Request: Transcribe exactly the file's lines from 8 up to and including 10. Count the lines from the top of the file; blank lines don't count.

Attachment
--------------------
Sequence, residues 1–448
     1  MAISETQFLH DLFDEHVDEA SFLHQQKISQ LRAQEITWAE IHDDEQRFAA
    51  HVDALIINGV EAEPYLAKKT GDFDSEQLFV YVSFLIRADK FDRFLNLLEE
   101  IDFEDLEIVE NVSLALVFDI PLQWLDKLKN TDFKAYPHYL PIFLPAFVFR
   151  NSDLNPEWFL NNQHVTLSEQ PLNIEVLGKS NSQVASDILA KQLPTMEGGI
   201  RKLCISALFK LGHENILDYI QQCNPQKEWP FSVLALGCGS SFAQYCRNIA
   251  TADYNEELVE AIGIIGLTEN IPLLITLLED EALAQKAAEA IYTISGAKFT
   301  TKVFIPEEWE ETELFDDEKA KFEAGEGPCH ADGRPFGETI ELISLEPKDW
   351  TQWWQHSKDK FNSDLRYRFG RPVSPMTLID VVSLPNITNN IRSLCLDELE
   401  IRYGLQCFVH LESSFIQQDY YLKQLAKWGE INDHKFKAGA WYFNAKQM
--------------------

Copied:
   301  TKVFIPEEWE ETELFDDEKA KFEAGEGPCH ADGRPFGETI ELISLEPKDW
   351  TQWWQHSKDK FNSDLRYRFG RPVSPMTLID VVSLPNITNN IRSLCLDELE
   401  IRYGLQCFVH LESSFIQQDY YLKQLAKWGE INDHKFKAGA WYFNAKQM